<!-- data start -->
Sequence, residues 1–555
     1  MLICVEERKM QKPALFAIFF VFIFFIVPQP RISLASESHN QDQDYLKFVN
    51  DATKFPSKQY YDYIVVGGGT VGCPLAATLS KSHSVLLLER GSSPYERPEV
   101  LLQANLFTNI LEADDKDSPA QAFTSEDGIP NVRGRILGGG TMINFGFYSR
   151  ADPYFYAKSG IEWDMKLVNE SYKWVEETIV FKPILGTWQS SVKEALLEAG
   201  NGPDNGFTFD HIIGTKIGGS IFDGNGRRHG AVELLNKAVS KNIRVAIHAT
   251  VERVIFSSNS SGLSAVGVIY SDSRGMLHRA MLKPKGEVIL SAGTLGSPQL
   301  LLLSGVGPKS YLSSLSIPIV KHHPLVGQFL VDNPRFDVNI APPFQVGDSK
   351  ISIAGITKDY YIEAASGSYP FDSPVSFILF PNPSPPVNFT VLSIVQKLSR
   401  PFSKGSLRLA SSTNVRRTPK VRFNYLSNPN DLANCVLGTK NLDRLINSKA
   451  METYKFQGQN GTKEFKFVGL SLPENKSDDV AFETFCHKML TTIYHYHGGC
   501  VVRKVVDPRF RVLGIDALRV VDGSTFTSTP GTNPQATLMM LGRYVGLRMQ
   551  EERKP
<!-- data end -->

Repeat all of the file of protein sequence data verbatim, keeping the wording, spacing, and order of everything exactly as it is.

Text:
Sequence, residues 1–555
     1  MLICVEERKM QKPALFAIFF VFIFFIVPQP RISLASESHN QDQDYLKFVN
    51  DATKFPSKQY YDYIVVGGGT VGCPLAATLS KSHSVLLLER GSSPYERPEV
   101  LLQANLFTNI LEADDKDSPA QAFTSEDGIP NVRGRILGGG TMINFGFYSR
   151  ADPYFYAKSG IEWDMKLVNE SYKWVEETIV FKPILGTWQS SVKEALLEAG
   201  NGPDNGFTFD HIIGTKIGGS IFDGNGRRHG AVELLNKAVS KNIRVAIHAT
   251  VERVIFSSNS SGLSAVGVIY SDSRGMLHRA MLKPKGEVIL SAGTLGSPQL
   301  LLLSGVGPKS YLSSLSIPIV KHHPLVGQFL VDNPRFDVNI APPFQVGDSK
   351  ISIAGITKDY YIEAASGSYP FDSPVSFILF PNPSPPVNFT VLSIVQKLSR
   401  PFSKGSLRLA SSTNVRRTPK VRFNYLSNPN DLANCVLGTK NLDRLINSKA
   451  METYKFQGQN GTKEFKFVGL SLPENKSDDV AFETFCHKML TTIYHYHGGC
   501  VVRKVVDPRF RVLGIDALRV VDGSTFTSTP GTNPQATLMM LGRYVGLRMQ
   551  EERKP